An often-overlooked allergic condition, eosinophilic esophagitis or EoE, is at the centre of new research investigating whether a natural seaweed product may reduce the occurrence of symptoms.
Griffith University is looking for volunteers to participate in a study, in conjunction with GastroCare Gold Coast and the Marine Bioproducts Cooperative Research Centre, as the arrival of spring in Australia and an expected shift toward an El-Nino weather system favouring an earlier start to the allergy season.
Dr Nic West from Griffith’s Central Facility for Genomics and Menzies Health Institute Queensland (MHIQ) is encouraging Australians to seek early treatment for allergic conditions before symptoms worsen and environmental triggers, such as dust storms and the pollen season, occur.
“EoE is becoming increasingly prevalent and is a chronic inflammatory response occurring in the esophagus where food becomes stuck after swallowing, and includes centrally located chest pain,” Dr West said.
“It has been recognised as part of the allergic march in which patients progress from childhood eczema to allergic rhinitis (hay fever) and then to EoE as adults.”
Seaweed product, fucoidan, is isolated from a particular species of brown seaweed and has been shown to have anti-inflammatory effects in human and animal studies.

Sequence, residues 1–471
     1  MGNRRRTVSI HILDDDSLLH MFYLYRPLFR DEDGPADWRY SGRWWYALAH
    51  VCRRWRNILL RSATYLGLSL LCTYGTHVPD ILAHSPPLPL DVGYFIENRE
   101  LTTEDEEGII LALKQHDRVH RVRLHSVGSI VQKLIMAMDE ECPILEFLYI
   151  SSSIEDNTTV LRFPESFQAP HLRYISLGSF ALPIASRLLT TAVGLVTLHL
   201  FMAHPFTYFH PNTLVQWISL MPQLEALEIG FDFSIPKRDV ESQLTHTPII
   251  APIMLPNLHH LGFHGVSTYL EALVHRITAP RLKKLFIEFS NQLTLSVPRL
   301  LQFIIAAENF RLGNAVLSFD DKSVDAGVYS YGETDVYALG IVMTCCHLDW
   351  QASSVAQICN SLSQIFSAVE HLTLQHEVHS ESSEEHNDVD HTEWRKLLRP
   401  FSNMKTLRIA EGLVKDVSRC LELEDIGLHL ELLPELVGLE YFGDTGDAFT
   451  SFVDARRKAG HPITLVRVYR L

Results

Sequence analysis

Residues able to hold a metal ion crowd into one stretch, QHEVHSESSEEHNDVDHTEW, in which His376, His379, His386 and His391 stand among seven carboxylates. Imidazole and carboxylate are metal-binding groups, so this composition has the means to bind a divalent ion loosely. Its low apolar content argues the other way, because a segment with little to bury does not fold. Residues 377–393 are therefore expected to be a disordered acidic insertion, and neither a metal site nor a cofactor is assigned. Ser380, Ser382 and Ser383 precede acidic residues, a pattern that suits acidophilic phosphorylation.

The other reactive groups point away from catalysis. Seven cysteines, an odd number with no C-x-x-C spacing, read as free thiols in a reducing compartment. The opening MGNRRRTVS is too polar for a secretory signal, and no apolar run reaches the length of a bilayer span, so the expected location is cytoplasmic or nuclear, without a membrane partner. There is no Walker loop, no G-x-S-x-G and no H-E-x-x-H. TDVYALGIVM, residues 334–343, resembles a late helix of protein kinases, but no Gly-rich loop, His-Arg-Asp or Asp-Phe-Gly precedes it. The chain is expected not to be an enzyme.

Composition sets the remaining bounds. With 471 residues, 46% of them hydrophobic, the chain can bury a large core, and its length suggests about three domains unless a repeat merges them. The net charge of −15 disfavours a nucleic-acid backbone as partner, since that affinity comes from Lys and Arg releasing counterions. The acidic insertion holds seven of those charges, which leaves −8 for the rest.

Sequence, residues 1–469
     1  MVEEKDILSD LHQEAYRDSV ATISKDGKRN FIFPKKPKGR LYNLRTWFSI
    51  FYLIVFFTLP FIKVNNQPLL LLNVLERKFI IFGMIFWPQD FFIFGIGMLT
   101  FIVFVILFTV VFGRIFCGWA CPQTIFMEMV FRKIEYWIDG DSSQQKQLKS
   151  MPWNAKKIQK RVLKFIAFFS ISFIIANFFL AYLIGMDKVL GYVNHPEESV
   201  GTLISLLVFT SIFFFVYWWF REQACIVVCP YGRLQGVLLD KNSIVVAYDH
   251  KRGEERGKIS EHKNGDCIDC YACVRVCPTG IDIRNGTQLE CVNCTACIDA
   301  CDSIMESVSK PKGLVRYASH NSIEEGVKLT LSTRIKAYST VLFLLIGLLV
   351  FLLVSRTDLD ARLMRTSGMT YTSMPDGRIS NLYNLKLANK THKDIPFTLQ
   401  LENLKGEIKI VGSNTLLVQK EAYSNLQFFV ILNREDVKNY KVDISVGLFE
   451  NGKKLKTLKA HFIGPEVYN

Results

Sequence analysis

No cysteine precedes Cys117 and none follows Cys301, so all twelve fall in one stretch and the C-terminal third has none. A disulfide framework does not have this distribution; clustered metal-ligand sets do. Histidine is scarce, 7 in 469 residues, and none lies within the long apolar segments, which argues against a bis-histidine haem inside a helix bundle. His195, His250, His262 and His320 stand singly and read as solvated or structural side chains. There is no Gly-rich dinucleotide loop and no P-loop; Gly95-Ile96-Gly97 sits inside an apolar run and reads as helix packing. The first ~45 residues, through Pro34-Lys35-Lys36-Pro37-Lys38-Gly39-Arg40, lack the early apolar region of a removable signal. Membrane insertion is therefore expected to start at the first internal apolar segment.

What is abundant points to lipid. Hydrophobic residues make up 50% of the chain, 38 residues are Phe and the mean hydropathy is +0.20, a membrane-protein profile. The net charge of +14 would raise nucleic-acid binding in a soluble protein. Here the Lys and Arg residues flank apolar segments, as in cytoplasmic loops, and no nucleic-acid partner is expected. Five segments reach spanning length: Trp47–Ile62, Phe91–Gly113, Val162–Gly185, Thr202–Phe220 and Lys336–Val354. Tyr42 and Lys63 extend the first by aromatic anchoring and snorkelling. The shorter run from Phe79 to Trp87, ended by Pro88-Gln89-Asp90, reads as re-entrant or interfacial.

Griffith’s Dr Amanda Cox from the School of Pharmacy and Medical Sciences and MHIQ, the lead researcher in the EoE study program, said previous research shows fucoidan supplementation improved mucosal immune health.
“By improving gut health, fucoidan supplementation has been shown to have promise for conditions affecting the gastrointestinal system, with the potential for benefits in patients with EoE of interest.”
Dr Pete Smith, a medical specialist at the Queensland Allergy Services and a member of the study team, said: “There are few treatments for people with EoE and this study provides the opportunity to examine a natural product with no adverse impacts.”
EoE has a serious impact on a patient’s quality of life and presents a substantial financial burden to consumers and the healthcare system.
Along with food impaction in the esophagus, food regurgitation, nausea and reflux are common.
EoE requires ongoing monitoring and management with the need for endoscopy and biopsies necessary to determine the extent of disease.
Although typically not a life-threatening disease, EoE can require emergency endoscopy with the risk of choking.
Current treatment options, such as antihistamines, are costly, may not completely resolve symptoms and do not tackle the underlying cause.
Dr West said: “EoE now has a prevalence of one in 100 adults across Australia with the rate of patients increasing in line with observations for allergic disease generally over the last 30 years.”
“Individuals with EoE require extensive dietary modification, drug use and endoscopies that have a significant impact on their overall health and wellbeing.”
The research team is currently looking for individuals Australia-wide with a diagnosis of EoE to participate in the trial.
For further information Dr Cox can be contacted at [email protected]